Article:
The original research, conducted by a team led by Dr. N. Paul Rosman of Boston Medical Center, claimed to find a statistically significant association between the development of ASD and one technical sonography parameter: the depth of ultrasound penetration for scans performed at certain points during pregnancy.
But this measure isn't valid, wrote Dr. Christoph Lees from the Imperial College Healthcare NHS Trust in London in a letter published online June 11, also in JAMA Pediatrics.
"The authors introduce a hitherto unheard-of index: the depth of ultrasonographic penetration," he wrote. "This has no clear biological or scientific justification. Nevertheless, they report that the mean depth of penetration of the ultrasound beam is greater in those who developed ASD than in healthy children. But depth of penetration of ultrasound is not a measure of ultrasonography exposure; it simply tells us how far the ultrasound beam reaches."
The study authors' conclusion that "further research is needed to determine whether other variables of ultrasound exposure also have adverse effects on the developing fetus" doesn't accurately reflect the data, he wrote.
"In apparent contravention of JAMA Pediatrics' guidance for reporting clinical studies of this nature, no recruitment flowchart with participant exclusion/inclusion criteria is shown, and neither a priori hypothesis, predefined primary outcome, nor sample size calculation are included," Lees wrote.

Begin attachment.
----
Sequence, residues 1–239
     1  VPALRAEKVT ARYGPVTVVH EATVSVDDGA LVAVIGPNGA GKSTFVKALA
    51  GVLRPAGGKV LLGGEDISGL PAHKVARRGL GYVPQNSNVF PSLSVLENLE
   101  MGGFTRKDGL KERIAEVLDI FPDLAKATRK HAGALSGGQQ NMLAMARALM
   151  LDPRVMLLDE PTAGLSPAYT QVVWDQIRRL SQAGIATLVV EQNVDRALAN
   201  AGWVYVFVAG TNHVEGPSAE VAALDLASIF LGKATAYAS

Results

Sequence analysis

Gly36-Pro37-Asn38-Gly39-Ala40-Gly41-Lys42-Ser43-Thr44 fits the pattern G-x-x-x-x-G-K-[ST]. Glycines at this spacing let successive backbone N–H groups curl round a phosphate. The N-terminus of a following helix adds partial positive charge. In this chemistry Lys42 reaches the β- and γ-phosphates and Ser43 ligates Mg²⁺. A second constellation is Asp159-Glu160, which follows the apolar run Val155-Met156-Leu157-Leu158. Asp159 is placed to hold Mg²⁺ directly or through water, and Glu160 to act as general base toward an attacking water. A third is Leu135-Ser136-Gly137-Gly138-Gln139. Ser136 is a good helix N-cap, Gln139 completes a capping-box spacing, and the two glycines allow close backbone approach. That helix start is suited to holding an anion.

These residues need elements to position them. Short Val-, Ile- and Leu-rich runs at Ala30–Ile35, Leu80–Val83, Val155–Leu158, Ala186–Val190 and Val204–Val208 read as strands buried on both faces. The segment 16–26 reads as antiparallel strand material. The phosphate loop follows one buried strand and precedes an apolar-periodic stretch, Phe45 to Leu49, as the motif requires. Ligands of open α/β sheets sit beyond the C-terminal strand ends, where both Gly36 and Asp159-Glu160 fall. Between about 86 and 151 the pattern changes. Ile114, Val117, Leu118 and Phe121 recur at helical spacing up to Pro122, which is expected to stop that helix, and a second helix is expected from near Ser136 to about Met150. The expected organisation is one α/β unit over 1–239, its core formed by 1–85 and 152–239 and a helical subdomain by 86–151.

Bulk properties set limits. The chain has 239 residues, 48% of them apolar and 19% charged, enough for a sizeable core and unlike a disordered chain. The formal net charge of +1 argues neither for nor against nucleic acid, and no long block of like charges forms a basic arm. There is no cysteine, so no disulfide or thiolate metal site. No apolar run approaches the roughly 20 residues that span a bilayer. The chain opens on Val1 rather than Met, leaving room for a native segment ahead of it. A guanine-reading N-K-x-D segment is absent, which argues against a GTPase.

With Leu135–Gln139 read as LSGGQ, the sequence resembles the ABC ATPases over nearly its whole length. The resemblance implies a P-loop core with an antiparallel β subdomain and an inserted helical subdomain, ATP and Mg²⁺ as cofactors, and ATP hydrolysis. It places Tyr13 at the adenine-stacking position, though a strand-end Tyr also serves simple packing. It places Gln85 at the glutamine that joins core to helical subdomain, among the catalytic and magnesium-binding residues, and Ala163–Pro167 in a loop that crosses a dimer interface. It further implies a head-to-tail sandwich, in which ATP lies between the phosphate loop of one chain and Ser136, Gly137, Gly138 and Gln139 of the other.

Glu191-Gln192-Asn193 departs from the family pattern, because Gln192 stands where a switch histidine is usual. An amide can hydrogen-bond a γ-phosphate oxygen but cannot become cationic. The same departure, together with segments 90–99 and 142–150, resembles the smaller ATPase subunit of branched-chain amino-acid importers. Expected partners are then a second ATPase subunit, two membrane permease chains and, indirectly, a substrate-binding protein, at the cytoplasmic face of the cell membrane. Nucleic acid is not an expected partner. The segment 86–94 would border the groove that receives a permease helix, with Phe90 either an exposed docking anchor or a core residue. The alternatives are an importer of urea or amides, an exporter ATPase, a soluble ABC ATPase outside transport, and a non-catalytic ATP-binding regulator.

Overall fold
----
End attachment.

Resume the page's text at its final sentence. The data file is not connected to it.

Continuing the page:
The study also drew criticism in a letter from Drs. David Somerset and Robert Wilson of the University of Calgary, who believe the study's conclusion that "greater ultrasonographic depth" negatively affects the fetus has not been proved and is a "gross oversimplification."
"The authors present no evidence that a mean difference of 4 mm in depth is associated with higher energy delivery to the fetus," they wrote. "Furthermore, clinical variables, such as maternal obesity and age and paternal age, are independently associated with ASD ... and these variables have not been accounted for. It is a shame that ... [the] study has such an alarmist conclusion in the abstract that is not supported by the study findings."
Because possible links between ultrasound and autism cause such anxiety among parents and pregnant women, it's crucial that studies are reported accurately, Lees concluded.
"In fact, this study shows that children with ASD were exposed to a shorter duration of prenatal ultrasonography and lower-energy scans than healthy children," he wrote. "These findings are reassuring. We respectfully suggest that a more accurate form of words would have reflected the study's finding than is found in the conclusion of the abstract."
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